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Coleman making big adjustment to NFL offense

Nov. 6, 2013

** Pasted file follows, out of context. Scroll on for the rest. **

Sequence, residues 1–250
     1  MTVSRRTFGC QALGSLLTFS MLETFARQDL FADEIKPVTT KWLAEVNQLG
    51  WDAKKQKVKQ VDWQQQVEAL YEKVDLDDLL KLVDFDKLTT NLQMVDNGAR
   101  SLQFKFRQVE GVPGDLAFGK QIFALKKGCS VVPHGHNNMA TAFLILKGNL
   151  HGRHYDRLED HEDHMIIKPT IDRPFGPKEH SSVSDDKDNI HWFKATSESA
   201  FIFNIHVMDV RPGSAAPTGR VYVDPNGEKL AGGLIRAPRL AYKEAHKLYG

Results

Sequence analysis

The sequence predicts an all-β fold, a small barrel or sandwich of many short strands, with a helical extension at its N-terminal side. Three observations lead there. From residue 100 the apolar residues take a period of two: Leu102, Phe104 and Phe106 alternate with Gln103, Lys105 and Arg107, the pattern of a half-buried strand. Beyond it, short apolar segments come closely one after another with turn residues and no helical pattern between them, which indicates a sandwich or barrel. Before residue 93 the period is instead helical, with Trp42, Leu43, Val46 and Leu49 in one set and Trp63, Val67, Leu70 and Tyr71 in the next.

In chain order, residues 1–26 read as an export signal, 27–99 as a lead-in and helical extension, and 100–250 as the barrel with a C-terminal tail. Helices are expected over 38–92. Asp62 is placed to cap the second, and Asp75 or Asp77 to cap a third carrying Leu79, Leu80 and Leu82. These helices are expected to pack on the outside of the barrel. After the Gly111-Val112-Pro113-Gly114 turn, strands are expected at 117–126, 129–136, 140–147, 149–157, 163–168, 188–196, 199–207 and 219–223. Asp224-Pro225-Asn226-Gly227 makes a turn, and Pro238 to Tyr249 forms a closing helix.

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At this point it's hard to see B.J. Coleman making the Packers' 53-man roster, but it also looks like he has NFL traits that make him almost a sure bet for the team's practice squad. The NFL trend is for teams to keep only two quarterbacks on the final 53 so they can open a spot for another position, and then retain on their practice squad a developmental quarterback as their No. 3. That appears to be the fate for Coleman, the seventh-round draft pick from Tennessee-Chattanooga. The Packers have used most of the quarterback snaps in training camp to get Aaron Rodgers ready for the season and evaluate whether Graham Harrell should be their No. 2. Coleman has been a distant third in snaps at practice, and in the first three preseason games has thrown only 11 passes (18.7 rating, 5-for-11 for 44 yards, no touchdowns and one interception). Coleman has had more bright moments in camp than he did in offseason practices, but his snap counts limits his development because the Packers' offense is exponentially more sophisticated than Tennessee-Chattanooga's, and even the fundamental skills are coached differently. "Heís coming out of a school where you take your drop and you chatter your feet until guys come open," said Ben McAdoo, the Packers' quarterbacks coach. "Weíre more of a rhythm-type outfit here. We try to bring out the best ballroom dancer of each guy and try to keep him in rhythm and try to time up their feet with the throws they have to make. Thatís different for him, and that takes time. Itís going to take longer than weíve had together. Thatís something heís working on along with the protections and the adjustments and everything we do with the runs and making changes (at the line of scrimmage) in all of those phases. Itís encompassing." Coleman's size (6-feet-3 and 231 pounds) and arm strength are good by NFL standards, and he's shown a little more mobility than advertised coming out of college. How far he goes depends on how much he can †slow the game in his mind over the next couple of years. Last week at Cincinnati in a play emblematic of where he is at this point, Coleman ran a roll out to his left on third and one, and had a window to hit rookie receiver Curesnski Gilleylen but air mailed the throw. "He was just playing a little too fast," McAdoo said. "He had his juices flowing a† little bit, had just gotten in there, and we wanted to come off a play-action fake. He could have sold the fake a little bit more, bought a little bit more time and let it develop. He was just playing too fast, thatís all." It's uncertain how much Coleman will play in the preseason finale Thursday night against Kansas City. Rodgers probably will play only one series, but that doesn't mean Coleman will get more than a couple series. Coach Mike McCarthy probably will want to take a long final look at Harrell to determine whether he can be the backup or the team needs to acquire its No. 2 from another team. "(Coleman's)††just young, and it takes time," McAdoo said. "You canít rush development. Heíll be ready when heís ready."  

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